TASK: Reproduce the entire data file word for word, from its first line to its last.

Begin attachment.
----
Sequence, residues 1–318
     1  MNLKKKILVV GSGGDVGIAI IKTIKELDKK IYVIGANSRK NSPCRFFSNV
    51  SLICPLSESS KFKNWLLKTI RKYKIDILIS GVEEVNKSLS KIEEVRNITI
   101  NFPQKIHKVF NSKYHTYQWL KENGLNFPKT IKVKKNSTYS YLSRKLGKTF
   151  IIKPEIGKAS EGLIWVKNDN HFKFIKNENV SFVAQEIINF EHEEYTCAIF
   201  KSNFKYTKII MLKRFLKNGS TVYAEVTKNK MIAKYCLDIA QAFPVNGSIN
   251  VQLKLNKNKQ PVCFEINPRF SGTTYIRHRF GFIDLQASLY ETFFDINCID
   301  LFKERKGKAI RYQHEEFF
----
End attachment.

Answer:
Sequence, residues 1–318
     1  MNLKKKILVV GSGGDVGIAI IKTIKELDKK IYVIGANSRK NSPCRFFSNV
    51  SLICPLSESS KFKNWLLKTI RKYKIDILIS GVEEVNKSLS KIEEVRNITI
   101  NFPQKIHKVF NSKYHTYQWL KENGLNFPKT IKVKKNSTYS YLSRKLGKTF
   151  IIKPEIGKAS EGLIWVKNDN HFKFIKNENV SFVAQEIINF EHEEYTCAIF
   201  KSNFKYTKII MLKRFLKNGS TVYAEVTKNK MIAKYCLDIA QAFPVNGSIN
   251  VQLKLNKNKQ PVCFEINPRF SGTTYIRHRF GFIDLQASLY ETFFDINCID
   301  LFKERKGKAI RYQHEEFF